But things changed with the onset of World War II. Because the Philippines was an American colony, it became an American ally and a Japanese enemy. In 1941, the Japanese Empire invaded the Philippines. On the same day that Japan bombed Pearl Harbor in December 1941, Japan also bombed Manila and American bases in the Philippines.
On the tour, we were in a small enclosure near some of the shops at Intramuros. We sat down as if we were at a theater performance. The lights were dimmed and Carlos had lit a few candles around him. He held up a photo of General MacArthur. The next photo he held up was a black and white photo of Manila, with an American bomb barreling towards the city's center: Intramuros. He asked that we bow our heads and say a prayer for the 100,000 Filipinos killed exactly to that day, 72 years ago.
After three years of German occupation, American General MacArthur felt compelled to drive the Japanese out of the Philippines. As WWII came to a violent close, a brutal battle began between the Americans and the Japanese on Philippines soil. The battle became known as the Battle of Manila and it raged on for nearly a month. It was the most fierce urban battle that took place during WWII, and it is also one of the most painfully overlooked battles in WWII history.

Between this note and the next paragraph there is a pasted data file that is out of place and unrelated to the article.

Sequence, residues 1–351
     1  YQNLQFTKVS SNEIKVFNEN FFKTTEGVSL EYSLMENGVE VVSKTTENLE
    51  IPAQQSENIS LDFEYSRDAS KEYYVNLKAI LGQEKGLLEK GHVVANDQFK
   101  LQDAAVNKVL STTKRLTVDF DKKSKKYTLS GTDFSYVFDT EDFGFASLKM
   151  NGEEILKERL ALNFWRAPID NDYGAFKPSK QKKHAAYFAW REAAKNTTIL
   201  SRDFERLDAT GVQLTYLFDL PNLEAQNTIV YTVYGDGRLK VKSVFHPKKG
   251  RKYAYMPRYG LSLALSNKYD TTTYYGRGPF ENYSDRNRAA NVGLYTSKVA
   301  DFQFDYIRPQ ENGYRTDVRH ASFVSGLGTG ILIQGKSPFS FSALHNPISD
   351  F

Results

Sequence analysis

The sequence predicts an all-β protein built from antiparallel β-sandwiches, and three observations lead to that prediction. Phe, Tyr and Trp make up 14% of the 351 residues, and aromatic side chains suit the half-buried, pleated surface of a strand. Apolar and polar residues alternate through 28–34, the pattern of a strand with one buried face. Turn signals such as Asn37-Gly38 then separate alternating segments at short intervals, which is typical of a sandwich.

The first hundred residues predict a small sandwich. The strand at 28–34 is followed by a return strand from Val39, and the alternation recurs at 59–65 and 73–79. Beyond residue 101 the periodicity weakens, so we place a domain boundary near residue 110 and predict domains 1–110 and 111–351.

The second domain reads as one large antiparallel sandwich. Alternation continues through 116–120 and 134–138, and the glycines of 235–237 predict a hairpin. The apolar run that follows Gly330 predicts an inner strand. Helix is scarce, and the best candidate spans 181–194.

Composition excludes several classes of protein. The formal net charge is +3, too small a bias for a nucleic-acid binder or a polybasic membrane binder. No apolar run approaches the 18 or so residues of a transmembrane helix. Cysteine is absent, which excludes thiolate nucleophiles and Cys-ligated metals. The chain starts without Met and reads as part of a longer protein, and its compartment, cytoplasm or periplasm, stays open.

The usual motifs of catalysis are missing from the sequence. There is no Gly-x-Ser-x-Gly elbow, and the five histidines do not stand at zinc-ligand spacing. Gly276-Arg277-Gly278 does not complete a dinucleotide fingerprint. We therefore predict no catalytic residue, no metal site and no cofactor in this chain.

As American troops began closing in on the city, the Japanese took out their frustration by brutally massacring Filipinos. Among the atrocities attributed to the Japanese include bayoneting babies at Manila General Hospital, raping hundreds of Filipino women, and burning down buildings trapped with Filipinos.
The Japanese had literally entrenched themselves in Manila through a network of tunnels. Unable to drive the Japanese out, General MacArthur had to resort to using artillery.
In the final days of the Battle of Manila, the United States dropped American bombs on the city of Manila, its own ally.
The city was absolutely decimated.